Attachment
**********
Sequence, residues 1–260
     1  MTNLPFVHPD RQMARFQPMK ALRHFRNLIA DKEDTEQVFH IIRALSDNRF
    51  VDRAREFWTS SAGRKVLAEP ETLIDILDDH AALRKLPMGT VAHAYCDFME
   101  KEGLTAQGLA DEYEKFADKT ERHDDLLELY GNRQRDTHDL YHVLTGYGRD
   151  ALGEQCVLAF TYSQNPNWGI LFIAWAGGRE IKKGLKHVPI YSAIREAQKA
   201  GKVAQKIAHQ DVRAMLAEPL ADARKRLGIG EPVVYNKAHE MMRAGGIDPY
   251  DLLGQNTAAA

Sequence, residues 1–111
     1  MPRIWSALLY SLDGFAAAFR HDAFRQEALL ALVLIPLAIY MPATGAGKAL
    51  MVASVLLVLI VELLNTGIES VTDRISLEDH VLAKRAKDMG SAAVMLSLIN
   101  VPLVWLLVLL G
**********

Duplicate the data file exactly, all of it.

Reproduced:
Sequence, residues 1–260
     1  MTNLPFVHPD RQMARFQPMK ALRHFRNLIA DKEDTEQVFH IIRALSDNRF
    51  VDRAREFWTS SAGRKVLAEP ETLIDILDDH AALRKLPMGT VAHAYCDFME
   101  KEGLTAQGLA DEYEKFADKT ERHDDLLELY GNRQRDTHDL YHVLTGYGRD
   151  ALGEQCVLAF TYSQNPNWGI LFIAWAGGRE IKKGLKHVPI YSAIREAQKA
   201  GKVAQKIAHQ DVRAMLAEPL ADARKRLGIG EPVVYNKAHE MMRAGGIDPY
   251  DLLGQNTAAA

Sequence, residues 1–111
     1  MPRIWSALLY SLDGFAAAFR HDAFRQEALL ALVLIPLAIY MPATGAGKAL
    51  MVASVLLVLI VELLNTGIES VTDRISLEDH VLAKRAKDMG SAAVMLSLIN
   101  VPLVWLLVLL G